Despite the huge price tag associated with higher education, college isn’t every student’s top priority. In fact, some students at colleges across the state attend school reluctantly for the stability promised with a degree but chase their dreams on the side, hoping to make their big break in an area they’re passionate about.
Matt Zotti, a junior communication major at the University of Utah, spends his time in college managing the pressure to get a professional degree while also finding time to chase his dream of making electronic dance music.
“I would say I’m more of an artist in terms of what I am personally passionate about and even just time consumption,” Zotti said.
Using his last name as his stage persona, Zotti has been producing music for two years and has attracted attention on the digital audio-production community of SoundCloud. Zotti’s SoundCloud account has over 700,000 total plays on his songs, averages about 10,000 plays per week and has 7,734 followers.
“It’s not a one song kind of deal,” Zotti said. “It’s like the audience is carrying over to my other tracks, which is, you know…really comforting.”
Zotti goes to school full time but said he spends the majority of his time working on his music.
“Basically, I’m in school for stability,” Zotti said. “While I can, while I’m young, I might as well try to juggle both.”
Zotti said he thinks it’s important to get a degree but music remains his primary focus.
“Where I spend my time and what I’m most focused on…it’s really with art,” Zotti said. “It’s totally subjective. It’s beautiful. It’s ugly. It’s pretty much everything.”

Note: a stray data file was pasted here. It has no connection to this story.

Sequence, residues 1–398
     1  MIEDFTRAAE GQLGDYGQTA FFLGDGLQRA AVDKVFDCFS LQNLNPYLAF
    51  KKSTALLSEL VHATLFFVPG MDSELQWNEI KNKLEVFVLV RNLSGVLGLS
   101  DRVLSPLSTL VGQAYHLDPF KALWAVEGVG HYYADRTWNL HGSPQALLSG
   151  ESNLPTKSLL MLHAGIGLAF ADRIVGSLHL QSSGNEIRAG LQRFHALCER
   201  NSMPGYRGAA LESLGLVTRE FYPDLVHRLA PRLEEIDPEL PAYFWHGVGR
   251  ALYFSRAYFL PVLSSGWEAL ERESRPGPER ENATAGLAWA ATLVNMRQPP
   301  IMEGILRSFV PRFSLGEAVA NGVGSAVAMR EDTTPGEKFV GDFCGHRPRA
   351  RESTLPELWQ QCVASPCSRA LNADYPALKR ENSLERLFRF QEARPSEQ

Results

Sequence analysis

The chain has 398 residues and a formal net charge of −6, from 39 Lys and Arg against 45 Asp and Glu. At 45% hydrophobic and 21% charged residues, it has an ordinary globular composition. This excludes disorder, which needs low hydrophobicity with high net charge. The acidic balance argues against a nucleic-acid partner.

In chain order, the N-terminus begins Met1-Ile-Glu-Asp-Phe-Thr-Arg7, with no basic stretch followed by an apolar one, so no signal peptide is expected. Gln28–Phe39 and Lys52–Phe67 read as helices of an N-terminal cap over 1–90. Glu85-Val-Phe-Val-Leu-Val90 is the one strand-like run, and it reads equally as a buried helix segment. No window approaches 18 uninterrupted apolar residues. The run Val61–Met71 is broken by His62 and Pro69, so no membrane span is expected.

Students at Westminster College are having similar battles, grappling with the pressure to get a degree while trying to follow their aspirations.
Sam Johnson, a Westminster junior studying psychology and sociology, plays the drums in a punk-rock band called Static Nostalgia.
“I’ve got kind of two life trajectories in front of me,” Johnson said. “I can either do music, and do that professionally, or I can become a counselor and pursue that as well. So it’s really just kind of whatever takes off first.”
Johnson said that though he thinks about becoming a counselor, he also considers what he would do if he and his band were invited to go on tour.
“If there’s an opportunity where we can go play Warped Tour, or we get picked up for a tour, like opening for somebody then, you know…” Johnson said. “I would quit school for that opportunity.”
Money is a key motivator for people like Johnson to attend college and get a degree.
“It is a money thing, too, because it’s just like whatever is more financially secure at the time I feel like I’ll go with,” Johnson said.
Though Johnson and Zotti said they feel like they have to choose one or the other, some Westminster faculty members have managed to take care of school and live their dreams simultaneously.
David Baddley, Westminster’s art department chair and a photography professor, has been teaching photo classes since he graduated college.
“I don’t think there’s like this defining moment when you say, ‘I want to be an artist’ any more than there’s like this defining moment when a person decides, ‘I want to grow hair on my head’ or something like that,” Baddley said. “I think it’s something you kind of do. It’s someone who you kind of are.”
David began teaching photo classes while finishing graduate school in exchange for tuition waivers, but he said he never associated his love for art with the need to make money.
“I never really linked art making and money making,” Baddley said. “For me, making art was simply a component of who I was, and whether or not I was making money or starving almost didn’t really matter.”
Baddley said he thinks school makes it easier to pursue passion for creating art.
“I think skiing is a good analogy,” he said. “It’s like the more time you spend doing it, the easier it is.”
Baddley said he doesn’t believe school and dreams have to stand in the way of each other and urges students to do what feels right for them.
“Do the things that you want to because you genuinely believe that’s what you want to do rather than you feel like that’s what you should do,” he said.